Work-from-Home: The New Normal or an Aberration?

Work-from-Home: The New Normal or an Aberration?
photo of stephen konstans

Stephen P. Konstans
Former SVP

In March 2020 at the onset of the global pandemic, the U.S. workforce underwent a nearly overnight shift to working from home. The speed at which most of our U.S. workers successfully pivoted to work-from home is an incredible testament to the ingenuity and adaptability of the human spirit. Fifteen months later, many people are contemplating what work will look like in a post-pandemic era, whether in-office, at home or in some form of hybrid model.

Not surprisingly, it depends on whom you ask. Many business leaders in information technology, healthcare, customer service and sales, for example, expect to continue at least some hybrid form of remote work, according to a recent Gartner survey, while other industries are more conservative about plans to continue work-from-home in the long-term. For example, financial services firms have been eager to return to the office full-time for many reasons, including security and compliance issues and concerns about firm culture.

chart of march to april 2020 work from home shift

Goldman Sachs Chief Executive Officer David Solomon, speaking at a February 2021 Credit Suisse virtual conference, said, “This [work-from-home] is not ideal for us, and it’s not a new normal. It’s an aberration that we are going to correct as quickly as possible.” (Bloomberg, 2021). Bucking the trend of many companies that have said they plan for some form of long-term hybrid work, Goldman Sachs announced in May that it plans for nearly the entirety of its workforce to return to the office by June 2021.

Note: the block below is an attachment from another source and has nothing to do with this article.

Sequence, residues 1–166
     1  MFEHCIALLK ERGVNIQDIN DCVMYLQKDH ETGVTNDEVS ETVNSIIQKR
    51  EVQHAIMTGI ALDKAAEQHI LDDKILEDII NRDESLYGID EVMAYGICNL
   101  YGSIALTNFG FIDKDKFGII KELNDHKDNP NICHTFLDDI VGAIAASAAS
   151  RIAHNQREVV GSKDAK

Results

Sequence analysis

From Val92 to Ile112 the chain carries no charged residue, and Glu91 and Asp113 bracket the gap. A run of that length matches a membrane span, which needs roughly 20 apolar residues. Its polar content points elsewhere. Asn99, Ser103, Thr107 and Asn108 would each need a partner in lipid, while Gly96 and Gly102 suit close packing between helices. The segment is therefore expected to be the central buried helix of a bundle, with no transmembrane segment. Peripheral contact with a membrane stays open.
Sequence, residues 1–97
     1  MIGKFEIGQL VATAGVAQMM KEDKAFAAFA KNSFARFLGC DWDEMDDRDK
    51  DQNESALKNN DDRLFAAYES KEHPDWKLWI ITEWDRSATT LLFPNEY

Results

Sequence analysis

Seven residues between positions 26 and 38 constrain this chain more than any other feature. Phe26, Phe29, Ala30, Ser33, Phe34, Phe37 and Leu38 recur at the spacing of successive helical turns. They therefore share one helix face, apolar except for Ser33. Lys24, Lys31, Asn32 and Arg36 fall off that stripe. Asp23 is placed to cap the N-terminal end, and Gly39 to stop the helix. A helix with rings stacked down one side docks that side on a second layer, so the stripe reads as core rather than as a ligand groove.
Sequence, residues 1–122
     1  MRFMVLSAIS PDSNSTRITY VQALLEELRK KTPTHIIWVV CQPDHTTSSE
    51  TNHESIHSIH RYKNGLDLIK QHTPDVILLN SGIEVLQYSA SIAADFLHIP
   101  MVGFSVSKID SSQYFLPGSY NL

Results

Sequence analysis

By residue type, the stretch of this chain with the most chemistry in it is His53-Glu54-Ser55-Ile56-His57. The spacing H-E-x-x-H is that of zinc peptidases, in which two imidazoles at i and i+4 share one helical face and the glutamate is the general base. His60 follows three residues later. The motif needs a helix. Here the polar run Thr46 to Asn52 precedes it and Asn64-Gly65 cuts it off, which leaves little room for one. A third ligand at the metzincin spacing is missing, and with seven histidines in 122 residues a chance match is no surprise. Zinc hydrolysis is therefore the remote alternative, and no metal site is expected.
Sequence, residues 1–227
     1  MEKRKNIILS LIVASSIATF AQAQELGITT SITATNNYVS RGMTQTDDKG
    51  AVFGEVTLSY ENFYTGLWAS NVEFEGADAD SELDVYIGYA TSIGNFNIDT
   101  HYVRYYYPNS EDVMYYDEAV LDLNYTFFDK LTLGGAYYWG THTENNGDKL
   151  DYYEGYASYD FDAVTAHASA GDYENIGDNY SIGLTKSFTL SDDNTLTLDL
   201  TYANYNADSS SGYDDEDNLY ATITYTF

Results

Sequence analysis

Regardless of differing viewpoints, we certainly have been living a new normal for the past fifteen months. The speed of this fundamental change was vividly illustrated in an April 2020 Gallup poll, which showed that less than a third (31 percent) of adults in America were working from home at least some of the time in March 2020, but just a few weeks later in April 2020, that number had doubled to 62 percent.

Fast forward to a year later, and a March 2021 Gartner survey of 258 HR leaders revealed that nearly half (45 percent) expected their workforce to return to the office in the third quarter of 2021, with another quarter (24 percent) projecting the fourth quarter of 2021.

As a retained executive search consultant, I find questions about the impact of work-from-home very important to my livelihood. I have had a lot of anecdotal experience with this issue during the last fifteen months, but I wanted to research the answers more thoroughly so that I could better serve my clients. To do so, I asked a diverse group of my clients and business contacts—including CEOs, CHROs, consultants and other business executives across the United States and in a broad range of industries—for their thoughts.

I believe that, by and large, people and companies depend on in-person teamwork and mentoring to be their very best. I predict that when the dust settles and the pandemic is behind us, most employees will have returned to the office at least most of the time, while about 35 percent of employees will remain working from home regularly. This represents only a small increment from pre-pandemic levels rather than a titanic change in how work gets done.

Read my full study (PDF) to learn about my research and the reasons behind my prediction.

image of 45 percent of HR leaders expect people to return to office Q3 2021


Related Posts

Comments are closed.